(Courtesy of American College of Mohs Surgery)
The Mohs surgery procedure seems simple: the surgeon removes cancer, carefully checks to be sure he or she got it all, then repairs the wound. American College of Mohs Surgery members, however, train in and practice the complex nuances of this process for years so they are prepared to handle any situation they may encounter. This page describes the steps they follow for each Mohs surgical procedure.
The roots of a skin cancer may extend beyond the visible portion of the tumor. If these roots are not removed, cancer will recur. A surgery starts with the American College of Mohs Surgery (ACMS) specialist examining the visible lesion and planning what tissue to remove. The patient then receives local anesthesia, and the Mohs surgery begins.
The surgeon removes the visible portion of the tumor using careful surgical techniques.
The ACMS surgeon next removes a deeper layer of skin and divides it into sections. With the help of technicians, the surgeon then color-codes each of these sections with dyes and makes reference marks on the skin to show the source of the sections. A map of the surgical site is then drawn to track exactly where each small portion of tissue originated.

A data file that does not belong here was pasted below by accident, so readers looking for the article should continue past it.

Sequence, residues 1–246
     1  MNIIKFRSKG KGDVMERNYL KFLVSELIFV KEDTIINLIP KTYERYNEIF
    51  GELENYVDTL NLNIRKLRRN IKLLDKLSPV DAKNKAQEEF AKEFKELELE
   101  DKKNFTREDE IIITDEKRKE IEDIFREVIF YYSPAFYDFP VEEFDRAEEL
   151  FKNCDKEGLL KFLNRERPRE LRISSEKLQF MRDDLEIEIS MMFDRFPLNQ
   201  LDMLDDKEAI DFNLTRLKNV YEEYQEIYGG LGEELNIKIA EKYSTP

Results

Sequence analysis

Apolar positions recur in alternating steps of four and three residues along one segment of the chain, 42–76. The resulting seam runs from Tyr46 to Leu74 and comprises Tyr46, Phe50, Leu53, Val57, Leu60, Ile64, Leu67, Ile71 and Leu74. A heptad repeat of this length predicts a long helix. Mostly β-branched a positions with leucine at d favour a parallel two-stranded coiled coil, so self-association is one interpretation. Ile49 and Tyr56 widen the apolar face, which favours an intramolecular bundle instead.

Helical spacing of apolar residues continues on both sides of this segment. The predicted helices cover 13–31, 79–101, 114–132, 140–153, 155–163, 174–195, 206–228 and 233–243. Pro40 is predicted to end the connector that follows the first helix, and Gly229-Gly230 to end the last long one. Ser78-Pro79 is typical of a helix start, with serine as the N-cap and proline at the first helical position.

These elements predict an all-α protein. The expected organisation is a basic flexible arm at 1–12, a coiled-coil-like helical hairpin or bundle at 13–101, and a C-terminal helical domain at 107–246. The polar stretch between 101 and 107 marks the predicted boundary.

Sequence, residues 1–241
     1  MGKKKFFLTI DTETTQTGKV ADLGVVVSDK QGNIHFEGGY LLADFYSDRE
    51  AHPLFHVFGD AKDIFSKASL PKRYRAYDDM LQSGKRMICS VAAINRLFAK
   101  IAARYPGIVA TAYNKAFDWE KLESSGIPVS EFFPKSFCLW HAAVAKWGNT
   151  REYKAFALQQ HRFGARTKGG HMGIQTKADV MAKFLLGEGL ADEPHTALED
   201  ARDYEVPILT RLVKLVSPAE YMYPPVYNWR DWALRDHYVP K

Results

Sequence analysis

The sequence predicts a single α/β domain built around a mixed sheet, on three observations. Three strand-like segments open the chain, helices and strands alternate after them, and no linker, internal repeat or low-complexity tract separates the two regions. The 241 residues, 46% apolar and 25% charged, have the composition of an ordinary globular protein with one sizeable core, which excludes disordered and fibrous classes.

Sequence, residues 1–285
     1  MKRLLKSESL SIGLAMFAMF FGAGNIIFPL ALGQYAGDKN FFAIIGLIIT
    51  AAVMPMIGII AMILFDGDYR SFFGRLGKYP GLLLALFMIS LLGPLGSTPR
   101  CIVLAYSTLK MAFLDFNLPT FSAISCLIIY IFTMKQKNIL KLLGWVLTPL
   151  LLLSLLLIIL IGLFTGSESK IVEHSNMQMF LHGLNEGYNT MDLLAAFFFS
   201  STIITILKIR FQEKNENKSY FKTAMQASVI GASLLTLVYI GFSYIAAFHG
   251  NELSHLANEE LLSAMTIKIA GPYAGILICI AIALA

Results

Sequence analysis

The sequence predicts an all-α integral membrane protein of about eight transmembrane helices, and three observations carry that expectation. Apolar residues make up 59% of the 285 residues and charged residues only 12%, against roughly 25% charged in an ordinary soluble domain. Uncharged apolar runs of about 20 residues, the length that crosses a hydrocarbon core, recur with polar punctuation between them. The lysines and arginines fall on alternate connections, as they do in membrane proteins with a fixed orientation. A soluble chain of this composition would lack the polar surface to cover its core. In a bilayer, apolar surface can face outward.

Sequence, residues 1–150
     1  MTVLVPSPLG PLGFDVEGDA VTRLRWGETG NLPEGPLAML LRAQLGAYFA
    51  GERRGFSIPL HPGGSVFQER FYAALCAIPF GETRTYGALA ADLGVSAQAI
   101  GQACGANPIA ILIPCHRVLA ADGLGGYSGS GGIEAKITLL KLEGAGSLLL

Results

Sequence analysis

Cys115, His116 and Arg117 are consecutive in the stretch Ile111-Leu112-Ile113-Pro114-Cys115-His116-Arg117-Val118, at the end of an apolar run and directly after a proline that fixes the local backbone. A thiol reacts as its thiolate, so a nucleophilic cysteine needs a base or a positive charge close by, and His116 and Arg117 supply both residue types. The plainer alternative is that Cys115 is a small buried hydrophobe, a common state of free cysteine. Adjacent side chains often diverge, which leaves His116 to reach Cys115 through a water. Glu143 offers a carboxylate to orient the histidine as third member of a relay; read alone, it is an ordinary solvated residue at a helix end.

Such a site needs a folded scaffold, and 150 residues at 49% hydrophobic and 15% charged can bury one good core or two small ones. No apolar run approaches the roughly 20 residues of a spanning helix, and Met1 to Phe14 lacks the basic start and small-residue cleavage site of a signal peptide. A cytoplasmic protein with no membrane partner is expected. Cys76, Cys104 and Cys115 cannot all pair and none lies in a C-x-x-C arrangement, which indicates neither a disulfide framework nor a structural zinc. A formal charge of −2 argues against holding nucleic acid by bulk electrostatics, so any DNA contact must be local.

In a laboratory, the surgeon uses a microscope to examine the undersurface and edges of each section of tissue in search of evidence of remaining cancer.
If the surgeon finds cancer cells under the microscope, he or she marks their location on the “map” and returns to the patient to remove another deeper layer of skin — but only from precisely where the cancer cells originated. This method ensures that the Mohs surgery results in the smallest scar possible.
The removal process stops when there is no longer any evidence of cancer in the surgical site. Because Mohs surgery removes only tissue containing cancer, it ensures that the maximum amount of healthy tissue is kept intact.
At this point, the surgeon discusses reconstruction options, should they be required, and the post-operative care. Mohs surgery recovery tends to be easily manageable because of the use of local anesthesia and careful surgical techniques.